The IBT con­ven­tion won’t reach its dra­mat­ic peak until lat­er in the week. On Thurs­day, pres­i­den­tial can­di­dates will be nom­i­nat­ed, and those who gar­ner five per­cent of the del­e­gate vote will deliv­er their accep­tance speech­es to much applause or resound­ing boos on Fri­day morn­ing. Cur­rent­ly in that race is Hof­fa him­self, plus two oppo­si­tion candidates.

One is Fred Gegare, a dis­si­dent IBT exec­u­tive board mem­ber from Wis­con­sin who has become a vocal Hof­fa crit­ic. The oth­er is a grass­roots chal­lenger, Sandy Pope, leader of Local 805 in New York and long­time activist in Team­sters for a Demo­c­ra­t­ic Union (TDU). If either demon­strates the min­i­mum del­e­gate sup­port, Hof­fa will be shar­ing the bal­lot in a ref­er­en­dum vote this fall involv­ing all 1.3 mil­lion members.

Vot­er turnout, Las Vegas-style

Yes­ter­day, things got off to a bul­ly start at the Bal­ly with a well-attend­ed pep ral­ly for Hof­fa, who would much pre­fer to have no elec­tion at all. The Hof­fa-fest was held out­side, in the already-sear­ing desert sun, before the offi­cial pro­ceed­ings got under way. Fresh from a $100-per-per­son fundrais­er on Sun­day night, sev­er­al thou­sand duti­ful and plac­ard-wav­ing sup­port­ers of Hof­fa and his run­ning-mate for sec­re­tary-trea­sur­er, Ken Hall, packed the palm-tree-lined dri­ve­way. Most were wear­ing the ubiq­ui­tous red vests of the Hof­fa-Hall Team.”

Ral­ly orga­niz­ers used a sound truck to warm up the already-sweat­ing crowd with a series of call-and-response chants, plus a musi­cal sound­track that was canned for the moment but impres­sive­ly live sev­er­al hours lat­er, when sur­prise guest and Indus­tri­al Work­ers of the World (IWW) mem­ber Tom Morel­lo took the stage to sing a few songs. Unfor­tu­nate­ly, as the morn­ing unfold­ed, the play list became increas­ing­ly out of whack with the visu­al images it accompanied.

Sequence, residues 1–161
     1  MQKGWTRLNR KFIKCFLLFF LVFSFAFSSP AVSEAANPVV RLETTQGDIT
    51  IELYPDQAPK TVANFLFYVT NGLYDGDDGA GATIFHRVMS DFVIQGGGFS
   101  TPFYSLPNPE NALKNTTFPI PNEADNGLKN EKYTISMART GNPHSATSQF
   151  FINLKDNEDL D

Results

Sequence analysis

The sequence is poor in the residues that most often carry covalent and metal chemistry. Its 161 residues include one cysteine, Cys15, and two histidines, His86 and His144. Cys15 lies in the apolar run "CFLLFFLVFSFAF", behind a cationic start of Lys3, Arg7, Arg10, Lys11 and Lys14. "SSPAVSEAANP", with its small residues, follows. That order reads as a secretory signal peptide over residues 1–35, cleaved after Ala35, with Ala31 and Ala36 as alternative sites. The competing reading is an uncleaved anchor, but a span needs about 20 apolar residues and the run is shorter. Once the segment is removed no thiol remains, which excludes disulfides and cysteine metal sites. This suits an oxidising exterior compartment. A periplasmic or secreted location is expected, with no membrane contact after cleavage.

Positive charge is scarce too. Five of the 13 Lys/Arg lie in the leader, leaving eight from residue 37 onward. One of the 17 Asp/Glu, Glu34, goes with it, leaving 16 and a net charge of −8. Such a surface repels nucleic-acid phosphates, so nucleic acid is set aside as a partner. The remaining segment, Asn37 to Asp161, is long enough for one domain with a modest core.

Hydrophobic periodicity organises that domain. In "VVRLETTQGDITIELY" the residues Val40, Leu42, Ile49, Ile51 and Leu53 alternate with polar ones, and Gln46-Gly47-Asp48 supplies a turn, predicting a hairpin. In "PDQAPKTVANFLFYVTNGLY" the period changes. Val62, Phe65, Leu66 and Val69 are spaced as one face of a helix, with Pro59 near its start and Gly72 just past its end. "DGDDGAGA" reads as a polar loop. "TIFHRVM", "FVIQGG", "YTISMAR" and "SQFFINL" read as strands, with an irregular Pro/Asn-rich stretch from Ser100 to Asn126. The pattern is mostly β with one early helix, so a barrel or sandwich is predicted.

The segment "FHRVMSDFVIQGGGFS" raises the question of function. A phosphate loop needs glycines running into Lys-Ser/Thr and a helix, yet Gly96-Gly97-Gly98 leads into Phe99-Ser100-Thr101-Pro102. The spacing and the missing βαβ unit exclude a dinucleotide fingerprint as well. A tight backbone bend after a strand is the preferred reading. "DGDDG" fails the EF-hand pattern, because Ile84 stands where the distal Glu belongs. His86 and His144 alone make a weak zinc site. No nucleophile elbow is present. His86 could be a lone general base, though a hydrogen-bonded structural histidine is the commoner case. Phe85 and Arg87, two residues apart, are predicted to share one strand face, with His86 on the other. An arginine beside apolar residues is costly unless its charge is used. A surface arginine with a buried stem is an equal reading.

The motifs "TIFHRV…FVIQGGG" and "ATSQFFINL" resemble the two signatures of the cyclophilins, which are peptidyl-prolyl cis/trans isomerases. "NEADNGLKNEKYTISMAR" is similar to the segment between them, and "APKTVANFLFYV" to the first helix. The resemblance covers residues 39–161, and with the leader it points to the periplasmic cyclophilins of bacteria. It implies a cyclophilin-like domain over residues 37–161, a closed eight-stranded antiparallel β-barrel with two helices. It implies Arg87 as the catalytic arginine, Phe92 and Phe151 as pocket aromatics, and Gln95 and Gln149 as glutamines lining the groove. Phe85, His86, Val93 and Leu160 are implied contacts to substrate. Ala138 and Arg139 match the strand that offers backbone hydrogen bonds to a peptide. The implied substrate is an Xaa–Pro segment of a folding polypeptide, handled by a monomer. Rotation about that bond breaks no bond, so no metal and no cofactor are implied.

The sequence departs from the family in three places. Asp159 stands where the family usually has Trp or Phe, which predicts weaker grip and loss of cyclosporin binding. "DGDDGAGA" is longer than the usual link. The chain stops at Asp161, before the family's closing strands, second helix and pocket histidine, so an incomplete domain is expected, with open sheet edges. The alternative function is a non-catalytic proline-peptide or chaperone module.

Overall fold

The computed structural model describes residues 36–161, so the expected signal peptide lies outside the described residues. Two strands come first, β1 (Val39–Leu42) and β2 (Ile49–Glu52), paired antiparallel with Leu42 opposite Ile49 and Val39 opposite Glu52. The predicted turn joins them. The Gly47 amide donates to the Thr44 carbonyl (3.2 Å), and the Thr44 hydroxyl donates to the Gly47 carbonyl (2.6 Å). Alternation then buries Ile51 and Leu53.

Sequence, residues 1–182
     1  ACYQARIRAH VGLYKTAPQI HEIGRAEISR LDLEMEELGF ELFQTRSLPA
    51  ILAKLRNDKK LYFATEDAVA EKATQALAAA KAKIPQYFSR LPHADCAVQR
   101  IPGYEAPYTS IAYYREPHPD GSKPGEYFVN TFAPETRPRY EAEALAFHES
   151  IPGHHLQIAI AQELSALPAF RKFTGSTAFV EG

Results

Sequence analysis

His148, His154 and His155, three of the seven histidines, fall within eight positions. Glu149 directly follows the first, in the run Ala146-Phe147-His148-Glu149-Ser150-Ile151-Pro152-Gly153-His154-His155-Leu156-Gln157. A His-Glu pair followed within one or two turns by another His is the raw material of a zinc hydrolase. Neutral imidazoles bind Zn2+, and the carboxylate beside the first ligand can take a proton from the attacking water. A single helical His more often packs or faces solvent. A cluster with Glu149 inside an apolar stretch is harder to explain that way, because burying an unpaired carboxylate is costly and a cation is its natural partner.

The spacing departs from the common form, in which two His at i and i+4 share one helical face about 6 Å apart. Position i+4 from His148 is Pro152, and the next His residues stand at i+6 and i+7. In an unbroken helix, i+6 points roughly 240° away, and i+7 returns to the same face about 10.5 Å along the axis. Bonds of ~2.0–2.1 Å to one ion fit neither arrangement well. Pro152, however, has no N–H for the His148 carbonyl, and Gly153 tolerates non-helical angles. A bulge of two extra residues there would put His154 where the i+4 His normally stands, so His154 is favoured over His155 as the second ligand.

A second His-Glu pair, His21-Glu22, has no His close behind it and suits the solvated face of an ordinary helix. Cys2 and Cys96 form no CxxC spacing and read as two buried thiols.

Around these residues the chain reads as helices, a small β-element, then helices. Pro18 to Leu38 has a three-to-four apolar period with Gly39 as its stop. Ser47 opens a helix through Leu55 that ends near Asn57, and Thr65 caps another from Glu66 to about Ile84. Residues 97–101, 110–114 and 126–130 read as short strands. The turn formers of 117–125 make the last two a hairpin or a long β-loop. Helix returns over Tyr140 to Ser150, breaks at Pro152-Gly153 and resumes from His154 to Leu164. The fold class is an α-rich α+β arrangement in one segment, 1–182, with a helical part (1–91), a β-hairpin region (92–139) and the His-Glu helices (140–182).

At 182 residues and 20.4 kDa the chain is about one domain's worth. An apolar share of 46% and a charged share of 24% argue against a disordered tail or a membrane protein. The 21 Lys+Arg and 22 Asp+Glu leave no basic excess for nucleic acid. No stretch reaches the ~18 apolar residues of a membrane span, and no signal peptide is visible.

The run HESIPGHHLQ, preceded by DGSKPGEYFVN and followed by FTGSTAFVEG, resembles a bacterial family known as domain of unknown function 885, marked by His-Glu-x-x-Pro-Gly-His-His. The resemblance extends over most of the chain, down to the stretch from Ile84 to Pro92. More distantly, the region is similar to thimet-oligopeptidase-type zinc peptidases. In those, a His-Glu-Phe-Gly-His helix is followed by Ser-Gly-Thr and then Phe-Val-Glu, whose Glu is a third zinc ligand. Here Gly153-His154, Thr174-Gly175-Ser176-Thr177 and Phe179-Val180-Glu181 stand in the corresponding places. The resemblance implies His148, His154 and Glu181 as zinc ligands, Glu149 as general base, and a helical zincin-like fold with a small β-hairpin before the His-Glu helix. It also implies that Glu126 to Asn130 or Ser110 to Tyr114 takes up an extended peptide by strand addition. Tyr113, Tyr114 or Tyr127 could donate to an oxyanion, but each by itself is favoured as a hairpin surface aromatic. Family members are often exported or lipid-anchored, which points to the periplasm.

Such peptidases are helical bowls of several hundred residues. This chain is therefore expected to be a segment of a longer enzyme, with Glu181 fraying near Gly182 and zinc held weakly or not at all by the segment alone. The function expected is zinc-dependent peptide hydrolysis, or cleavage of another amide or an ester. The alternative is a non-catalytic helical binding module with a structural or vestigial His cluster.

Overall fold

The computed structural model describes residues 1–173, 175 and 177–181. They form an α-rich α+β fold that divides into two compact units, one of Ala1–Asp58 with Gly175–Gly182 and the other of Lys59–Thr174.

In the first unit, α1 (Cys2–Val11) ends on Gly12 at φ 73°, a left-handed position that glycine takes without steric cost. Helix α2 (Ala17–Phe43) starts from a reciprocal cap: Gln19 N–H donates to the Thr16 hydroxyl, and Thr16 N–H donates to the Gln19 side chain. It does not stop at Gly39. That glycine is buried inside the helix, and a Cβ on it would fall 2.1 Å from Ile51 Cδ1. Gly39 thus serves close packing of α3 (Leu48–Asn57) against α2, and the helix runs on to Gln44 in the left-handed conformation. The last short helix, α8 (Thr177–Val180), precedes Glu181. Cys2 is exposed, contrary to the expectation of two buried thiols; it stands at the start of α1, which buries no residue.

Hoffa’s ral­ly DJ kicked things off, appro­pri­ate­ly enough, with Elvis belt­ing out Viva Las Vegas,” before mov­ing on to Chum­bawam­ba. (How could we do with­out that band’s tub-thump­ing ode to piss­ing the night away” in light of where many in the throng had spent the evening before?)

Hof­fa cam­paign cheer­lead­ers then led his sup­port­ers through a series of chest-thump­ing chants. The most rel­e­vant seemed to be Don’t think small, vote Hof­fa-Hall!” — a slo­gan that clear­ly res­onat­ed in a crowd trend­ing toward Triple X in its T‑shirt sizes.

The stumpy 70-year-old pres­i­dent soon took the stage to lead his own cheers (“Five More Years! Five More Years!”) before announc­ing his sat­is­fac­tion at see­ing, in front of him, noth­ing but a sea of red” that was just unbe­liev­able.” This is, he assured his audi­ence, a moment in his­to­ry and you are part of history.”

He closed his speech with the faint­ly omi­nous reminder that it was time to go in and make sure we kick some ass and win this.” (Hof­fa was not talk­ing here about any employer’s ass; cor­po­rate America’s rhetor­i­cal horse-whip­ping would come lat­er in the proceedings.)

Won’t get fooled again

After the sea of red reassem­bled in the con­ven­tion cen­ter, the over­head lights were dimmed and the sound of Harleys filled the hall. The huge stage and del­e­gate sec­tion in the front of the room were briefly encir­cled by a Team­sters hon­or guard on wheels, gun­ning its engines to the sounds of The Who belt­ing out Won’t Get Fooled Again” — an odd choice for an incum­bent. Hof­fa then made his own grand appear­ance to the strains of the Stones’ Street Fight­ing Man.”